“Burke shows again that he’s not just a comic genius, but also a fine dramatic writer and storyteller.” – Booklist. “Prose both scabrous and poetic.” – Publishers Weekly. “Proust meets Chandler over a pint of Guinness.” – Spectator. “Among the most memorable books of the year, of any genre.” – Sunday Times. “A hardboiled delight.” – Guardian. “Imagine Donald Westlake and Richard Stark collaborating on a screwball noir.” – Kirkus Reviews. “A cross between Raymond Chandler and Flann O’Brien.” – John Banville.

Sunday, August 5, 2007

The Monday Review: Being The Crème De La Crème Of This Week’s Interweb Big-Ups And Hup-Yas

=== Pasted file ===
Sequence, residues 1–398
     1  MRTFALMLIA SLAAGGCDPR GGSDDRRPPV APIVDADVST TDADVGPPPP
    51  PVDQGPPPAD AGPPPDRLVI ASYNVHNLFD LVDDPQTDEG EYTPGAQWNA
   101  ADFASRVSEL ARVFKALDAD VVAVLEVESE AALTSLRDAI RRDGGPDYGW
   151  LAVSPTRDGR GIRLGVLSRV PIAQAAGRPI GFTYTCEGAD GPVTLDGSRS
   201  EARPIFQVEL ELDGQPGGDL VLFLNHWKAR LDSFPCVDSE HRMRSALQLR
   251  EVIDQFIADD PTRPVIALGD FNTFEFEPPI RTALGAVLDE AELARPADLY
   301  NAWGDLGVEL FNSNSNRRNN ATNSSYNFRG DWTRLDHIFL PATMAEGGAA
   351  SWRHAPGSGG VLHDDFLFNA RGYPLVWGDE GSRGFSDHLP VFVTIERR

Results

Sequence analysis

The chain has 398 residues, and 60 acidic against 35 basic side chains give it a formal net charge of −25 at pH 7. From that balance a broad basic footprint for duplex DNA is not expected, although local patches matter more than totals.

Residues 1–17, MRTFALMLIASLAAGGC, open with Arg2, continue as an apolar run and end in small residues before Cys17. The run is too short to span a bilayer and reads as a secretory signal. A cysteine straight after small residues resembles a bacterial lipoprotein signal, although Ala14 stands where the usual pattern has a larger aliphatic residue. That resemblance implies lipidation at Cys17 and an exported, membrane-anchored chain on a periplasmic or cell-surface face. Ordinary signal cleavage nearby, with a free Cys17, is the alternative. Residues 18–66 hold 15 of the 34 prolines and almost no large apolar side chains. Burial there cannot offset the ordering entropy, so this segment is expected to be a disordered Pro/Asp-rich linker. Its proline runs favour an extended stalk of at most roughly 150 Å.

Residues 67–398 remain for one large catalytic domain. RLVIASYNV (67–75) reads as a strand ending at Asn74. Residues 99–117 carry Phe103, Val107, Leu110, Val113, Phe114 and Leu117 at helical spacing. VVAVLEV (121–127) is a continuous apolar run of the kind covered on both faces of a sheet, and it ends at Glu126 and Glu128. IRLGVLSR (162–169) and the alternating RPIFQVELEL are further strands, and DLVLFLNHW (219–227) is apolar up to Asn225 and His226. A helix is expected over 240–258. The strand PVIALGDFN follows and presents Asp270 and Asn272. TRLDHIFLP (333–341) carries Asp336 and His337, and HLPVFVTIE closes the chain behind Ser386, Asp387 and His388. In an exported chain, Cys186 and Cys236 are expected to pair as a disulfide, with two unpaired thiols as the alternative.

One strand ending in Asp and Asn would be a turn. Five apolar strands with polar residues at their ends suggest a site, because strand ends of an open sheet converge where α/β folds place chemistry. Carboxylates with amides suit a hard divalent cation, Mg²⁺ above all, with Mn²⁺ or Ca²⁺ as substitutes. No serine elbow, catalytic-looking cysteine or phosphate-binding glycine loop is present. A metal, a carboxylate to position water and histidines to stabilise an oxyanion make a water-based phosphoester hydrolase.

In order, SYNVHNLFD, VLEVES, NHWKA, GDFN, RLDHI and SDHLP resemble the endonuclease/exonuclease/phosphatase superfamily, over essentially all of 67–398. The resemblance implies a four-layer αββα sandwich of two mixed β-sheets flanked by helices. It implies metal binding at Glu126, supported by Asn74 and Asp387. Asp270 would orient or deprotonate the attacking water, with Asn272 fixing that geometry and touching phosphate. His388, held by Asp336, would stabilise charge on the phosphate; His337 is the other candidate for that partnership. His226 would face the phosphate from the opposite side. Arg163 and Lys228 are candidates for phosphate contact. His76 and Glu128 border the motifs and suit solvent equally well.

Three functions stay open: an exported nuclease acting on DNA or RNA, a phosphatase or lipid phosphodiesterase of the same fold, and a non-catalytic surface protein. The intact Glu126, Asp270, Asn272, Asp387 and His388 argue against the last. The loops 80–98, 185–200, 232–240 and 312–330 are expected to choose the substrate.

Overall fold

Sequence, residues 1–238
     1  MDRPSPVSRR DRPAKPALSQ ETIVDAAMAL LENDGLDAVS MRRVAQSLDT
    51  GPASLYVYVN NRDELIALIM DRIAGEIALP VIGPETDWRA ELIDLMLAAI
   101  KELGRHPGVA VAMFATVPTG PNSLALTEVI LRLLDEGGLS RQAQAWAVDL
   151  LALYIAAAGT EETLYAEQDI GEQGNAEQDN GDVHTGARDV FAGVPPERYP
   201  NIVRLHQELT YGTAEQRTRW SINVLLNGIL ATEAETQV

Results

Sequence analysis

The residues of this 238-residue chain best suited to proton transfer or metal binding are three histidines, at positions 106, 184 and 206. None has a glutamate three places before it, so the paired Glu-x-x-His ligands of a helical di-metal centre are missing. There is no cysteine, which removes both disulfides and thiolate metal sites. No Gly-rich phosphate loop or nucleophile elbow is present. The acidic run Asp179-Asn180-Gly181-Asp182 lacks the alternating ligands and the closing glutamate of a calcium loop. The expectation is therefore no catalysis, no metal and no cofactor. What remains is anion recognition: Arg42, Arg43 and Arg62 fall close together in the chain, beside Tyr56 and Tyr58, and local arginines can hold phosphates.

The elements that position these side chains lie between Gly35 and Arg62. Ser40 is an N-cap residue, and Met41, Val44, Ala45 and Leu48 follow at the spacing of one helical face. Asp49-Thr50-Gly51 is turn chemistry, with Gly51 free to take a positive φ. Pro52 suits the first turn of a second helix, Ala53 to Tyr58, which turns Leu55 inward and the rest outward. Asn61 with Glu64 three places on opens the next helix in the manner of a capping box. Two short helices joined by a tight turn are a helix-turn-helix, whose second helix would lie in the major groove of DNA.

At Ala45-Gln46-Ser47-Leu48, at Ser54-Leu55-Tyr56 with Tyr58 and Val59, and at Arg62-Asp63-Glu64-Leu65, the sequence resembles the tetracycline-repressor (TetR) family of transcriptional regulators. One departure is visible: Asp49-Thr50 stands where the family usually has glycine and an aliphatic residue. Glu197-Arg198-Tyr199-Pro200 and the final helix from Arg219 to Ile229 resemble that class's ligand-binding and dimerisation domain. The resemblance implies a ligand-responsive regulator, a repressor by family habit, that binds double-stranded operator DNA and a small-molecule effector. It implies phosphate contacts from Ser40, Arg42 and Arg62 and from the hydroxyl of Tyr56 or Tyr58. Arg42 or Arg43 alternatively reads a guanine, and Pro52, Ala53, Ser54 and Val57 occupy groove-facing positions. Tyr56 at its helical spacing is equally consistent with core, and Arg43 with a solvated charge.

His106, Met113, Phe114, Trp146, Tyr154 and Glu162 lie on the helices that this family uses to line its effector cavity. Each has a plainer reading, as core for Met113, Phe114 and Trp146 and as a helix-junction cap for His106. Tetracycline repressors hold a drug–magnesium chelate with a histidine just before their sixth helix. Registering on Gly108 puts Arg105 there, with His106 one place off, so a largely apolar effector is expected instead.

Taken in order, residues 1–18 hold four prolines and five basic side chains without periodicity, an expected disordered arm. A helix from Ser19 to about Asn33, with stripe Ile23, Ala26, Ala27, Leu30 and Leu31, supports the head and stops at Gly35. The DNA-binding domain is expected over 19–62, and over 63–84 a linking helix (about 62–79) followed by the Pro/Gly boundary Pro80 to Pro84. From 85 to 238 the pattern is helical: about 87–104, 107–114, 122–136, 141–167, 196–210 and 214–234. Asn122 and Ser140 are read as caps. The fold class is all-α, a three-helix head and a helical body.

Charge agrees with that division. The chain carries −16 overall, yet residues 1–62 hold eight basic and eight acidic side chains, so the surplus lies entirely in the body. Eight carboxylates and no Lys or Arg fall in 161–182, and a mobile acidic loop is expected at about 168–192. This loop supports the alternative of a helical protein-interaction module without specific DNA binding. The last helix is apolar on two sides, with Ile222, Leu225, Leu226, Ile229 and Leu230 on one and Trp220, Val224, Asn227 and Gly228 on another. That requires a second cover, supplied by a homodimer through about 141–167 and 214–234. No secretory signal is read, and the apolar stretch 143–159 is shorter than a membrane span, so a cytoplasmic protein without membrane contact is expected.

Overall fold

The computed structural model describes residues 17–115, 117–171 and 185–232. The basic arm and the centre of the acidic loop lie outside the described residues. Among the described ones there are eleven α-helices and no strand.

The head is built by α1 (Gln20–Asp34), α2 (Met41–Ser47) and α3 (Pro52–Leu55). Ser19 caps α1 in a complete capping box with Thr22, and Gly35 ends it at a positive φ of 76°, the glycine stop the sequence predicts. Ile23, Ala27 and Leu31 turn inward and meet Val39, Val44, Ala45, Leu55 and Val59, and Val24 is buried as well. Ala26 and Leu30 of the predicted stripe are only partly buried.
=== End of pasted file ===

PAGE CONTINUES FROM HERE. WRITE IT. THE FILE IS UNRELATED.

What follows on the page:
Let’s just get the obligatory John Connolly / The Unquiet big-up out of the way first, shall we? “Connolly … has arguably passed James Lee Burke and Dennis Lehane as the best ‘literary’ crime novelist writing today. Each line of his books is like poetry, and if you enjoy fine writing, you’ll find yourself, as I do, rereading certain passages over and over again … Connolly is in a class by himself and, frankly, he makes anyone wishing for success as a writer feel inadequate,” says Gene Williams at Cape Cod Online … “Tenderwire by Claire Kilroy, though not really a mystery, uses mystery techniques – an unreliable narrator who drops clues as to what’s really going on more by what she leaves out than what she says – to create a very satisfying punch at the finale,” reckons Jill at the economically-titled Jill’s Blog … Sharon Wheeler over at Reviewing the Evidence likes Jim Kelly’s latest, to wit: “The Skeleton Man is neatly plotted, as always, and Dryden faces physical danger on several occasions. But most of the other characters aren’t very developed and I can’t quite put my finger on why this book didn’t grab me … Mind you, Kelly not quite at his best is still streets ahead of most other writers.” … Arminta Wallace at the Irish Times (no interweb link - boo) reviews the audio book of John Creed’s Black Cat, Black Dog, and likes what she hears: “It’s all quite reminiscent of Martin Cruz Smith and his Gorky Park man Arkady Renko, which means it surely can’t be long before Valentine, who’s already being hailed as “the spook’s spook” in thriller circles, makes the transition to superstardom, or maybe even, with luck, the big screen.” Staying on a John Creed / Eoin McNamee tip, Ali Karim is unusually understated in his appreciation of 12:23 over at Shots Mag: “It is a big book in terms of ideas, literary style and the atmosphere it conjured in my head, hence forcing me to read slowly, meticulously absorbing every word, every sentence into my fevered mind, such is the dark beauty of McNamee’s tremendous novel … McNamee writes his prose like a magician … this novel must be a very strong contender for next years CWA Ian Fleming Steel Dagger.” Okay, so maybe he’s not so understated after all … Yet more extravagant hup-yas for Tana French’s In The Woods, to wit: “Ryan and Maddox are empathetic and flawed heroes, whose partnership and friendship elevate the narrative beyond a gory tale of murdered children and repressed childhood trauma,” reckons Publishers’ Weekly at Amazon US, and the same link gives you Thomas Gaughan’s Booklist review: “The characters of Ryan and Maddox, as well as a handful of others, are vividly developed in this intelligent and beautifully written first novel, and author French relentlessly builds the psychological pressure on Ryan as the investigation lurches onward under the glare of the tabloid media … An outstanding debut and a series to watch for procedural fans.” Meanwhile, Fictionwise pitches in with, “A gorgeously written novel that marks the debut of an astonishing new voice in psychological suspense … Richly atmospheric, stunning in its complexity, and utterly convincing and surprising to the end, In the Woods is sure to enthrall fans of Mystic River and The Lovely Bones.” Crikey! And then there’s Crime Always Pays elf Claire Coughlan from last week: “Tana French writes like a sparkier, Irish Donna Tartt … This book has elicited extreme reactions for its ending, and I’m no exception to that – I loved its elliptical twists, unexpected turns and lack of facile explanations.” Which is nice … On to Ken Bruen’s Ammunition: “The Brant books are a brilliant example of maintaining a large cast of interesting characters over the course of multiple books … Bottom line: loved it and can’t wait to re-read the whole series again,” says Brian Lindenmuth at Fantasy Books … Claire Abraham over at the Star-Telegram likes Eoin Colfer’s latest, Artemis Fowl and the Lost Colony: “Artemis Fowl, teenage criminal mastermind, battles wits with Capt. Holly Short and her fellow fairies of the LEPrecon police force in a riotous series of books that skilfully combine the fantasy world of Holly and her friends with Artemis’ technological savvy.” Meanwhile, Colfer’s real-life nemesis, the Skulduggery Pleasant-scribbling Derek Landy, gets the big-up from Elisha at Seven Impossible Things: “The really standout feature for me was the dialogue. Stephanie and Skulduggery had that sarcastic banter thing goin’ on - it was like Moonlighting without the sexual tension.” Finally, Glenn Marshall of International Noir is kindly disposed towards Brian McGilloway’s Borderlands: “This is a short but powerful crime novel, and a sympathetic portrait of a ‘borderland’ that is too often obscured in clichés or ruralisms in fiction of the present and the past. McGilloway conveys a believable portrait of a real, troubled, and coping-as-best-they-can population in the new Ireland, with all its contradictions and complexities.” Aye, but can yon McGilloway tap-dance backwards up a washing line? No? Mmmm, thought not …

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